Epilepsy is the second most common disorder of the central nervous system, affecting 1% of the human population (3). It is particularly highly prevalent in developing African countries (24,28). The concern over the quality of life of patients with epilepsy (PWE) has attracted many attempts at elucidating the impact of seizure variables like seizure types, frequency of seizures, duration of epilepsy, and effect of anti-epileptic drugs (AEDs) on the cognitive functioning of these patients. Several reports have confirmed the presence of cognitive disturbances in PWE and the consequences on their day-to-day activities (1, 9, 20, 29, 30). Cognitive deterioration observed in epilepsy may arise ab initio as a result of the epilepsy as the same brain dysfunction that causes the seizures can also lead to learning disabilities, memory impairment and psychomotor retardation (1,24,28) or it may be secondary to anti-epileptic medications which can exacerbate these cognitive disturbances (9,29).
Several reports have shown that cognitive deterioration is worse among patients with generalized seizures than among those with partial seizures (12,15). This explains the contribution of cognitive impairment to poor quality of life among these patients with generalized epilepsies. The longer the duration of epilepsy the higher the likelihood of cognitive deterioration (6, 14) though it has been reported that duration of epilepsy has no effect on cognition (13). Though cognitive disturbances have been noted in newly diagnosed PWE (20, 26), but more importantly is the contribution of the anti-epileptic drugs (AEDs). Anti-epileptic drugs can also contribute to cognitive impairments especially those drugs with significant sedative effects. Phenobarbitone, diazepam, phenytoin, sodium valproate and carbamazepine have all been shown to affect the cognitive abilities of PWE but in differing degrees (9, 29, 31). The effect on cognition is worse with phenobarbitone and diazepam (25, 29).
Anti-epileptic drugs (AEDs) may cause impairments in cognitive functions such as attention, memory and psychomotor speed. There is evidence that drug-induced cognitive impairment has great impact on critical daily life function of patients with epilepsy (1,9). The cognitive effects of AEDs are of special concern because they are iatrogenically induced (1).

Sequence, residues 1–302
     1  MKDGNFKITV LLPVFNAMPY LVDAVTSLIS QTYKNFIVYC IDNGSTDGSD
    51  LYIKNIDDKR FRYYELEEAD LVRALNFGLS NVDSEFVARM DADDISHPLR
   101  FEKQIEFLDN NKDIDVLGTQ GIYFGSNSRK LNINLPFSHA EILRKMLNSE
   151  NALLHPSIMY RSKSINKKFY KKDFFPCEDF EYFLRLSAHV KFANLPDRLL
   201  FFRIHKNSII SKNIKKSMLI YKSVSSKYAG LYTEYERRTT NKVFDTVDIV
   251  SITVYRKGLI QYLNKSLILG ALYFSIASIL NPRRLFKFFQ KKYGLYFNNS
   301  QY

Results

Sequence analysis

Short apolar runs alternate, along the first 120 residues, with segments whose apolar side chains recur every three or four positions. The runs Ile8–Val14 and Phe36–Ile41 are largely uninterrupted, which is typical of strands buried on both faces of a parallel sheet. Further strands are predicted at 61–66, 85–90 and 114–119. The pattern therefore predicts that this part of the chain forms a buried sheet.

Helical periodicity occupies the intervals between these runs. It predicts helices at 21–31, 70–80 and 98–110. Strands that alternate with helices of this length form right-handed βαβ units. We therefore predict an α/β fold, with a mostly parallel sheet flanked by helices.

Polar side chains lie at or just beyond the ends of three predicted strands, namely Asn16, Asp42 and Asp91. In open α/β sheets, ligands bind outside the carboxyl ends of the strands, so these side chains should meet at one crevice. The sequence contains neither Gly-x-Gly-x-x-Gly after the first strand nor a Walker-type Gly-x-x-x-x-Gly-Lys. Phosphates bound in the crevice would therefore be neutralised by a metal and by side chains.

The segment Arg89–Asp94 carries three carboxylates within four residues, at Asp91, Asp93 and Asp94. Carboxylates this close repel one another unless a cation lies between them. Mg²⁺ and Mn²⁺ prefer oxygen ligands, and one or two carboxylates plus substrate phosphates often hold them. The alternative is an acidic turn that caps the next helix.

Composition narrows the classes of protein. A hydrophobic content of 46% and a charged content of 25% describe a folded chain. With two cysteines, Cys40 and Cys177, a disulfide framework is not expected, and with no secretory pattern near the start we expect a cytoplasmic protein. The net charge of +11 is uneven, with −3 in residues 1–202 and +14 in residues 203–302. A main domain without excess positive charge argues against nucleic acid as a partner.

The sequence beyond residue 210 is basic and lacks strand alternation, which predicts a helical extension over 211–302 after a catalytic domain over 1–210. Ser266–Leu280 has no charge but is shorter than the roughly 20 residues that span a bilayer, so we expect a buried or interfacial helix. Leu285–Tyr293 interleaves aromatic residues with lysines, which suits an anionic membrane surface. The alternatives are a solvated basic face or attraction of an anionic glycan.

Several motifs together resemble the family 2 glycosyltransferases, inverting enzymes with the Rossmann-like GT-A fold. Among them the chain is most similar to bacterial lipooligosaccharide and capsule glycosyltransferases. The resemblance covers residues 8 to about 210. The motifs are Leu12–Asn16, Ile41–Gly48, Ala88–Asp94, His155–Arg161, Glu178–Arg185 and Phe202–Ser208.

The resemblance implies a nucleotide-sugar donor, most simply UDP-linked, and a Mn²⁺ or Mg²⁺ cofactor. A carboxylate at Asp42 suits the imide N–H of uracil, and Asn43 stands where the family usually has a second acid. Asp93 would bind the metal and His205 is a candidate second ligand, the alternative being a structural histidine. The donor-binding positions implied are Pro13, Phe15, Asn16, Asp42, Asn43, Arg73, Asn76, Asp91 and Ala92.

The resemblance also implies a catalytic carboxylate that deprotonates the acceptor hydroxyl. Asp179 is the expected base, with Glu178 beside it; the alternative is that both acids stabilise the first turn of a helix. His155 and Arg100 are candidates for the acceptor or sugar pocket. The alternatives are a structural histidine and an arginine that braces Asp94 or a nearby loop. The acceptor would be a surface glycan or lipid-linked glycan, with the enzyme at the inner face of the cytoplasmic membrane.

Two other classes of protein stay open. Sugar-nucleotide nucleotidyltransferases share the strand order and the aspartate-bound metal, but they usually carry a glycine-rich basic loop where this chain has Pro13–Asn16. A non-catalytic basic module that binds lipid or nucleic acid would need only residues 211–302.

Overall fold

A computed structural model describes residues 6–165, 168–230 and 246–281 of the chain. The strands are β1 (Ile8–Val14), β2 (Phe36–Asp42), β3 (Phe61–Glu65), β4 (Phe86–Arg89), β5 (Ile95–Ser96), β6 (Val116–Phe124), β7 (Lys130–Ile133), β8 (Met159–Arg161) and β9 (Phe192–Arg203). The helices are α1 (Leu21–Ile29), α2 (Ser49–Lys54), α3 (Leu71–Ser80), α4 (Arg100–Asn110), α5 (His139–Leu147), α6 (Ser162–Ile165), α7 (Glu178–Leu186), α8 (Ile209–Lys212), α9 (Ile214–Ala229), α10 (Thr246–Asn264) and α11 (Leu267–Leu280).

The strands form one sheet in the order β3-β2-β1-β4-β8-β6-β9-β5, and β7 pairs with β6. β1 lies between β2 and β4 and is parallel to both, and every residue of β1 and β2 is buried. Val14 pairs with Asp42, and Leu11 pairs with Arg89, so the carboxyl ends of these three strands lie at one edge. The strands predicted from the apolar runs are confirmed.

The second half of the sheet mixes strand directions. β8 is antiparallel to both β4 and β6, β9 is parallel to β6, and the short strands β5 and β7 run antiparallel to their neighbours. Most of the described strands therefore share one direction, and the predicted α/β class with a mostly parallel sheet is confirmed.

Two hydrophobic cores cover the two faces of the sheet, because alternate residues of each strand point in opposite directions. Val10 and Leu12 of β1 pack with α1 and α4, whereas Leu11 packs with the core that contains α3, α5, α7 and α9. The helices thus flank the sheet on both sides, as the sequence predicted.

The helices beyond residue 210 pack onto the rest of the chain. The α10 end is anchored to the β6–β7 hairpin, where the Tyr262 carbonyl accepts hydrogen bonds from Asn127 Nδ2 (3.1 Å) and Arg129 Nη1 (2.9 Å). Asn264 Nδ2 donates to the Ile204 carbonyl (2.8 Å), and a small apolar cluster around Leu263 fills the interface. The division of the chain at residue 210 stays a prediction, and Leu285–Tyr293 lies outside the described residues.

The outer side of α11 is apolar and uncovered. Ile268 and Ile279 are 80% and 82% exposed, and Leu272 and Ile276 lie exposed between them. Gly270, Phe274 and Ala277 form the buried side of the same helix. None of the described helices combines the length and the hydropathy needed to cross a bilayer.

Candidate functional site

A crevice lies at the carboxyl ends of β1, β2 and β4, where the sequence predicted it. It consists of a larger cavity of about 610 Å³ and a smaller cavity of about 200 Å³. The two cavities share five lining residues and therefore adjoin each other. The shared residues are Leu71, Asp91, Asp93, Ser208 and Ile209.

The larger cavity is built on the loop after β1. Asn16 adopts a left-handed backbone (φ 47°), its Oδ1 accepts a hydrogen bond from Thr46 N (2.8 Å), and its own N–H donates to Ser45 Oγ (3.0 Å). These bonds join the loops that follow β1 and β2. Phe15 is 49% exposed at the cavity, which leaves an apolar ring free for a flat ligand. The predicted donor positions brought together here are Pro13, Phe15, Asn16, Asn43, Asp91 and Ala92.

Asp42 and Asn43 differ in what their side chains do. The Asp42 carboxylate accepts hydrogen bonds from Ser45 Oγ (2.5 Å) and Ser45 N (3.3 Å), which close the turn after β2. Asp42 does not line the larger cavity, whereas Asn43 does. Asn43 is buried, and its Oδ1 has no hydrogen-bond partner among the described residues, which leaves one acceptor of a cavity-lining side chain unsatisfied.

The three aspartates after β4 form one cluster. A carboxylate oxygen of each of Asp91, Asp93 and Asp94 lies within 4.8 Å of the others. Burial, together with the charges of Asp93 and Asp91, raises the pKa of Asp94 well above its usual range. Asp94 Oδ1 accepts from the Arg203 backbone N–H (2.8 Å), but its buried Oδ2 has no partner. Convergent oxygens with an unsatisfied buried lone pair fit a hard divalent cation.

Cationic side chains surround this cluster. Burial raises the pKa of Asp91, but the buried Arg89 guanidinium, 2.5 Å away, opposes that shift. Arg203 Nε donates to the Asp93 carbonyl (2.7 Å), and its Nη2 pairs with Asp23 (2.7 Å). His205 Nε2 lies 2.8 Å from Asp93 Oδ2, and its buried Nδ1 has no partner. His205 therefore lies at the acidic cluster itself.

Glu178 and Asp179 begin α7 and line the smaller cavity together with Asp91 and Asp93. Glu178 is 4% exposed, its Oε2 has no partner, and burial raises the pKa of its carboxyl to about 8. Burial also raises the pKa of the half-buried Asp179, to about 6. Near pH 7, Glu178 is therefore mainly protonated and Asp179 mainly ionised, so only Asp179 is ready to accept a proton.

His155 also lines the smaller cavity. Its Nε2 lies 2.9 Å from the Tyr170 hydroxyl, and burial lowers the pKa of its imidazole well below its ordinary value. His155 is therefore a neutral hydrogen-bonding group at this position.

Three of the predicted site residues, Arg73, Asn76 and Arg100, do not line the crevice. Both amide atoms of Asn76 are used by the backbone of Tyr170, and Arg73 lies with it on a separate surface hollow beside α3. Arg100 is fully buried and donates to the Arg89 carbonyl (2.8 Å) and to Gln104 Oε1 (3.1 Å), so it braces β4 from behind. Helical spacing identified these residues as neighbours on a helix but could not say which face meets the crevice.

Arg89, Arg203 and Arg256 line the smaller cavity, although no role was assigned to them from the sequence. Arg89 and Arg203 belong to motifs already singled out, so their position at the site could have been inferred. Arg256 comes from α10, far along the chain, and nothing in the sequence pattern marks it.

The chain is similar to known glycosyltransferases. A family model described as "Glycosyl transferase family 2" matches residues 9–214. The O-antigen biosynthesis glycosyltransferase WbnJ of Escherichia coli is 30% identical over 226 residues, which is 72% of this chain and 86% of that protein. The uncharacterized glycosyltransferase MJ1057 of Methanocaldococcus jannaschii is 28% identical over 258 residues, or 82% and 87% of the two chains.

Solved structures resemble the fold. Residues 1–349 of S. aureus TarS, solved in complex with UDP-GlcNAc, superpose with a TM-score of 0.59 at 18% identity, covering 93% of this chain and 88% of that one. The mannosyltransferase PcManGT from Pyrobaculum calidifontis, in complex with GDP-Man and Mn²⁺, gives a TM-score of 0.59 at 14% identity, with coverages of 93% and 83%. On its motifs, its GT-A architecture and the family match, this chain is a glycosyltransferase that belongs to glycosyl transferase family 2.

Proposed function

Comparative studies of AEDs in developed countries have shown that while carbamazepine had minimal side effects, phenytoin and phenobarbitone have less favorable cognitive side effects with impairments of mental speed, memory and attention (29, 30,31). These latter two drugs are however the most widely used in developing countries, because of good efficacy, broad spectrum of activity and low cost (10,19).
This study was designed to assess the effects of seizure variables, namely; duration of epilepsy, frequency of seizures, seizure types, type of anti-epileptic medication, duration of AED use and age at onset of seizures on the cognitive performances of our patients with epilepsy. A computerized cognitive assessment test battery, the FePsy(16) which has been validated earlier among Nigerians (21) was used to assess the memory, attention, concentration and psychomotor speed of the patients.
PATIENTS AND METHODS
The cohort comprised of forty-one patients with epilepsy (PWE) and forty-one sex-, age-, level of education- and socio-economic-matched controls. The study participants were adult patients attending the Neurology clinic of Obafemi Awolowo University Teaching Hospitals Complex, Ile-Ife, a tertiary health facility situated in metropolitan Nigeria. Informed consent was obtained from each subject before commencement of the study. The ethical committee of the hospital gave approval for the study. The inclusion criteria included patients aged between 16 and 55years with history of epilepsy as defined by the characteristic eye witness of at least two separate unprovoked non-febrile seizures. Patient must have also completed at least primary school education (some of the test items require subjects to be literate) and must be on phenytoin or carbamazepine therapy only to avoid the confounding effects of polytherapy. These two drugs are the most commonly used anti-epileptic drugs in our center. The exclusion criteria included use of antiepileptic drugs other than phenytoin or carbamazepine, seizures secondary to other causes (such as fever, infection, head injury, cerebrovascular disease), patients with visual and/or hearing impairment, musculoskeletal abnormalities and seizures occurring 24 hours preceding cognitive functions assessment. The controls were age, sex, education and social status matched with PWE and they had no family history of seizures. A questionnaire was developed and applied to all subjects. History was taken from patients and eye witnesses. Emphasis was placed on demographic data (age, sex, level of education) and details of seizure variables which include duration of seizures, seizure types, type of AED administered and duration of drug therapy, age at onset of epilepsy and frequency of seizures. The history of birth, perinatal injury, fever, head injury and drug abuse was sought. Detailed general physical examination was carried out on each subject and the seizure types were classified according to the International League against Epilepsy (ILAE 1981) criteria (21). The cognitive performances of the PWE and controls were assessed with the computerized cognitive assessment test battery, the FePsy (19). Electroencephalographic (EEG) studies were done in all the patients.